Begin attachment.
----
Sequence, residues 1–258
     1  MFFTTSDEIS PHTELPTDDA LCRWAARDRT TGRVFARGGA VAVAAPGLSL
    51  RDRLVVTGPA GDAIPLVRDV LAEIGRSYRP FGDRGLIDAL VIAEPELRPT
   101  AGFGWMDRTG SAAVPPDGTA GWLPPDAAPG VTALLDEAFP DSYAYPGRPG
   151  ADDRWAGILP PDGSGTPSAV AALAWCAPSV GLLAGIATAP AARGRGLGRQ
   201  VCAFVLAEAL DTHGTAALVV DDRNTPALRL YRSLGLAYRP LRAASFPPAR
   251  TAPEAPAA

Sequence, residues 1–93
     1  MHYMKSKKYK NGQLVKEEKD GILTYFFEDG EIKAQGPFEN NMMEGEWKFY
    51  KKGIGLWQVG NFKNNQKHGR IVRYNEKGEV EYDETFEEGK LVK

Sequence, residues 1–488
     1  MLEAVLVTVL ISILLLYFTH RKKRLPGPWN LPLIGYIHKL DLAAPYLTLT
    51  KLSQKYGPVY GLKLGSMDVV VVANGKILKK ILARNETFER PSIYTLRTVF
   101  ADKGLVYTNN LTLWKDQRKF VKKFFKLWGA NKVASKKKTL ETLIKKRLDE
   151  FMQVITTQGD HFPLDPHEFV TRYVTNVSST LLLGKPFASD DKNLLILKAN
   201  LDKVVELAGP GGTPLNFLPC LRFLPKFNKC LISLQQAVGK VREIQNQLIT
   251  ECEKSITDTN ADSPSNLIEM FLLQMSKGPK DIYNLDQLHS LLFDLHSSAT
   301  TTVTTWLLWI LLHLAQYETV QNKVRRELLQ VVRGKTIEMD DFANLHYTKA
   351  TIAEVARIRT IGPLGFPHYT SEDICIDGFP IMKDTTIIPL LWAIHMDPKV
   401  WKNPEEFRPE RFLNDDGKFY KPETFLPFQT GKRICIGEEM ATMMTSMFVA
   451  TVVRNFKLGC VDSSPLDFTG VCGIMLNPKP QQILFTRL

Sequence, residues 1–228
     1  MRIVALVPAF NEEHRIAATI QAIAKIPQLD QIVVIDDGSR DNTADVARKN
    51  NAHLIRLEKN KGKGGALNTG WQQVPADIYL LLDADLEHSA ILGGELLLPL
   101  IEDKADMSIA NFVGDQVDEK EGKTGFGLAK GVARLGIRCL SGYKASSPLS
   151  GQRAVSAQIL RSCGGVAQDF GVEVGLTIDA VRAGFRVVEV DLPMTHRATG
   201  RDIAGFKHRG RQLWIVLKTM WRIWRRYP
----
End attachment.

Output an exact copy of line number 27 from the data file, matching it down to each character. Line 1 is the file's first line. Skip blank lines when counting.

   201  RDIAGFKHRG RQLWIVLKTM WRIWRRYP